queue for these steps can be viewed at .
For the Chrome Root Store, our intent is to closely follow this existing
process, as we believe it serves CAs, browsers, and the broader community
quite well. In addition to filing the Bugzilla bug for Mozilla, CAs should
to request inclusion in
Chrome, and can reference both the Bugzilla bug and CCADB Root Inclusion
Case to help expedite processing, as well as provide details that help us
prioritize appropriately against the principles listed at
As it relates to information verification, that process has been driven by
Kathleen Wilson and the team at Mozilla for years, and our plan is not to
replace that or unnecessarily duplicate effort. In time, we hope to provide
support for Mozilla for those functions, and will continue to discuss with
Mozilla how that support could best be provided.
For CP/CPS reviews, the plan is still to contribute to the Mozilla process,
providing detailed analysis against our shared principles of transparency
and user security, in making sure that CAs provide the information
necessary for the community to have an informed discussion. Similarly, we
expect to continue to engage in the public discussion process, with the
community and with other browser vendors, since the inherent risk of adding
a CA is both a security concern and one of web compatibility between our
One area of possible divergence, however, is called out in how we’ve
prioritized inclusion requests within the Chrome Root Store. Our priority
is user security, and thus rather than operating on a “first come, first
serve” basis, we’ve captured a number of principles that we believe help
prioritize those user security interests. For example, existing CAs that
are replacing older roots with newer, modern hierarchies, greatly benefits
users, because it removes trust in the old hierarchy that may have had
incidents and misissuance, and thus risk to users, and moves to a new
hierarchy that is free of incidents. This is particularly important when
also considering that the Chrome Root Store prioritizes “single purpose”
hierarchies; that is, CA certificates which only ever issue a single type
of certificate, whether it be TLS or S/MIME or, looking broader, DV vs EV.
Further diverging from Mozilla, we have prioritized attestation and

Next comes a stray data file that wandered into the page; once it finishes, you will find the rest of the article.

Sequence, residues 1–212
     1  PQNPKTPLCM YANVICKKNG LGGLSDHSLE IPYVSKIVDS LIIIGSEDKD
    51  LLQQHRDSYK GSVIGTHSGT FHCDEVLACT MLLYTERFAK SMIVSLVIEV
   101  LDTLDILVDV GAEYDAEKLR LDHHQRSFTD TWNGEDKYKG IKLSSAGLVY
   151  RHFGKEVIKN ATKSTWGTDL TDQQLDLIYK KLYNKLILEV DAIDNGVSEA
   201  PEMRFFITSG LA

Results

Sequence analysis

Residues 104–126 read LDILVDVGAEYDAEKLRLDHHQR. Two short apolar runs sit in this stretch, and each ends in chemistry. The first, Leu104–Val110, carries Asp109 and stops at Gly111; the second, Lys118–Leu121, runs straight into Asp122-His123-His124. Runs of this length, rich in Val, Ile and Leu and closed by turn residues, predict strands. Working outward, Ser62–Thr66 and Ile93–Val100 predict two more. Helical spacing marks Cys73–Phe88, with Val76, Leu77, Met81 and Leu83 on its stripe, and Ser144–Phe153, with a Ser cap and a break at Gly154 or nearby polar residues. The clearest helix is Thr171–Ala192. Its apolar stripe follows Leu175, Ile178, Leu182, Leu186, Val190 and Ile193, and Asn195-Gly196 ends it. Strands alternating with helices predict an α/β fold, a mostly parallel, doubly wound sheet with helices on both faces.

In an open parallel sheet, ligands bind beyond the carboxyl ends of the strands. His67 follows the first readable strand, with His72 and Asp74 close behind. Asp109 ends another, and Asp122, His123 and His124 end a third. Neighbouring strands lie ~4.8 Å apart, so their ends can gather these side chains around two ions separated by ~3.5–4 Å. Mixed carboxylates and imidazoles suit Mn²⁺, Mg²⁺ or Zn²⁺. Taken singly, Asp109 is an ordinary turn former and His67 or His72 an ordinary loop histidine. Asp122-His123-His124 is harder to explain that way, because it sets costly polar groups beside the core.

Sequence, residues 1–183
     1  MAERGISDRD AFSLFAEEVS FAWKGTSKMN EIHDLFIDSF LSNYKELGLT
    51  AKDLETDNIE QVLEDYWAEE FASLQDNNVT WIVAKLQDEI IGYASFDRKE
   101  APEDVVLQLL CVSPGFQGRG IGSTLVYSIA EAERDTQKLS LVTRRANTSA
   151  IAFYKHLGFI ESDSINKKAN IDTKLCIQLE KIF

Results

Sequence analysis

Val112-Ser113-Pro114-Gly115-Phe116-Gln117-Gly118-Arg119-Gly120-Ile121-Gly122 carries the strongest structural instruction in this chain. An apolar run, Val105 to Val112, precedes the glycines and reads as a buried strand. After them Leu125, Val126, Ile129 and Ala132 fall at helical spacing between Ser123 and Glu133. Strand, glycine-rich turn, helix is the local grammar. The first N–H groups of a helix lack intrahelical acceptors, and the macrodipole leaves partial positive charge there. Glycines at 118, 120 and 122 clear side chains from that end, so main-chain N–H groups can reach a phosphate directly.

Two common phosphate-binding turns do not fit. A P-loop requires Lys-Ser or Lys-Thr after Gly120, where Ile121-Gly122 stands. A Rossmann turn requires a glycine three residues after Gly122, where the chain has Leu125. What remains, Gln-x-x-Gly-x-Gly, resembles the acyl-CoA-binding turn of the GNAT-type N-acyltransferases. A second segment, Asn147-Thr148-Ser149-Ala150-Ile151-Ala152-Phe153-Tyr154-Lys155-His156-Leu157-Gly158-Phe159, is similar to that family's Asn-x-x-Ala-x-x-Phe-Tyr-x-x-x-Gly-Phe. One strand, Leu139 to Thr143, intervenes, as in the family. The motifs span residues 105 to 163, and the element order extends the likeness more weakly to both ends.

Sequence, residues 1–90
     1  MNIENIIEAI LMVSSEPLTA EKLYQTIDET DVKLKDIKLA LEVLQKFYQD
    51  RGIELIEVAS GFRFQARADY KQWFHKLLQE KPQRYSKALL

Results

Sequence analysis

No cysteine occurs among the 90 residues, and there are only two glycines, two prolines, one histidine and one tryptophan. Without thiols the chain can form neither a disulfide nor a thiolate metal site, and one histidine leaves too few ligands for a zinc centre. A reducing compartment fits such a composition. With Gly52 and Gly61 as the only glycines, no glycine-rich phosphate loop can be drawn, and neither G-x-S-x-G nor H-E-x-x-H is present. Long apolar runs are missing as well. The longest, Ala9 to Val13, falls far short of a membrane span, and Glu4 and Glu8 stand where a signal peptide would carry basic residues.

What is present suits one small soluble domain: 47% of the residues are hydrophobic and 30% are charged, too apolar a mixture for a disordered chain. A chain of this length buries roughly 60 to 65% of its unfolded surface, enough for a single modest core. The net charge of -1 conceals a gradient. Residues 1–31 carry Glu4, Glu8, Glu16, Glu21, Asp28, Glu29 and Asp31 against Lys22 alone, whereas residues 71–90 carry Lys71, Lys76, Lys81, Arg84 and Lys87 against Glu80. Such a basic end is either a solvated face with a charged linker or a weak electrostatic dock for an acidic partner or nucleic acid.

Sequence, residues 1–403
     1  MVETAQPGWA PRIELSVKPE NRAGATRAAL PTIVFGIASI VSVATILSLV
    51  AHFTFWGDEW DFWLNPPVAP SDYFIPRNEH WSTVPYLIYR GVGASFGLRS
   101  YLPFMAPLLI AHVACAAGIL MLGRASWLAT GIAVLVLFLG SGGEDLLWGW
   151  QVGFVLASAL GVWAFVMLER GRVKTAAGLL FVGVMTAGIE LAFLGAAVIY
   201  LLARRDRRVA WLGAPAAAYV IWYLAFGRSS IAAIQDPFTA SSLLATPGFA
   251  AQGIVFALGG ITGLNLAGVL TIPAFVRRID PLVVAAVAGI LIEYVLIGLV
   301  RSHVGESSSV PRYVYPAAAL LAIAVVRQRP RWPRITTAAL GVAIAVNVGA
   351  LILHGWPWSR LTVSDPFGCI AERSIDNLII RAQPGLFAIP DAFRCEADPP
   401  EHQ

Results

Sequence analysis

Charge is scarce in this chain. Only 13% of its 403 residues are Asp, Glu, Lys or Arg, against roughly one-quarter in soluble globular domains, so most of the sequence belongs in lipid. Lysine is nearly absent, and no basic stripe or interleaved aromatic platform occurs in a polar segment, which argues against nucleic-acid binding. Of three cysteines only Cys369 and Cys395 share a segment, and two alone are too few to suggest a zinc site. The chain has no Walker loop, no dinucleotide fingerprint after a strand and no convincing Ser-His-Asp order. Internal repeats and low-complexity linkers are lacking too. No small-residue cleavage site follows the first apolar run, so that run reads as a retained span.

assurance engagements based on international standards, such as ISAE 3000
like those from WebTrust, over compliance-based engagements intended for
particular schemes, such as those from ETSI, due to the greater
transparency and accountability provided by those audits. The Chrome Root
Store will still continue to accept ETSI audits on a case-by-case basis,
but our priority will be towards audits that help us build a fuller picture
of the CA, its operations, and controls, such as provided by WebTrust.
We plan to continue to work with Mozilla’s relevant Module Owners and
Module Peers to determine how best to streamline this process, and how to
best effectively manage and support such reviews and discussions. We
believe there’s a shared value in transparency, and that avoiding
fragmentation is beneficial. Even if Mozilla is not yet prepared to include
the CA, having the discussion for the Chrome Root Store easily available
helps improve the security for Mozilla users.
## What does this mean for CAs that are included within the Chrome Root
Store but not within the Mozilla Root Store?
At this time, the overlap between the Chrome Root Store and the Mozilla
Root Store is that the Chrome Root Store is a subset of the Mozilla Root
Store, much like how the Apple and Microsoft Root Stores are supersets of
Mozilla’s included CAs.
Given the shared values of web security and compatibility, we believe that
even in the event that the Chrome Root Store includes CAs that are not yet
included in the Mozilla Root Store, there is still community benefit from
public discussion of inclusion and incidents. If such a CA applies to
Mozilla, the community benefits from this discussion, and in the event the
Mozilla community identifies reasons the CA may not be appropriate to be
included, Chrome users benefit from this.
This principle is the same as the one that forms the basis for the
Mozilla-lead CCADB, which is that users, CAs, and our respective products
benefit from having shared collaboration and communication.
If and when the time comes that there is divergence, our commitment is to
work with Mozilla to find a solution that maximizes the benefits for all
stakeholders, and is consistent with Mozilla’s goals of transparency and
openness. Ideally, this may mean continuing reporting through Bugzilla, or
it may involve further collaboration on CCADB, should the use of Bugzilla
prove to be difficult to manage or problematic. Our priority here is
working with Mozilla, and the broader community, to minimize disruption,
while helping achieve a similar level of transparency.
Much like Firefox makes use of the sandbox technologies developed for
Google Chrome, and Apple Safari makes use of WebRTC developed for Chrome,
or Microsoft Edge is built on the same shared open-source project of
Chromium, the Web has been built through collaboration and open-source.
Mozilla’s leadership in the area of CA selection and governance are without
rival, and have become the basis of many open-source projects, due to the
transparency, public discussion and involvement, and the focus on Mozilla’s
The Chrome Root Store is not a replacement for the Mozilla Root Store. It
is meant to better define the relationship and expectations for Google
Chrome and CAs, improve the experience for Chrome users and website
operators, and enable greater collaboration and transparency among browsers
around best protecting our respective users and reducing interoperability
Special thanks goes to the hard work of people such as Frank Hecker,
Johnathan Nightingale, Sid Stamm, Richard Barnes, Wayne Thayer, Kathleen
Wilson, Ben Wilson, the community here on mozilla.dev.security.policy and
its predecessor netscape.public.mozilla.crypto, and the dearly missed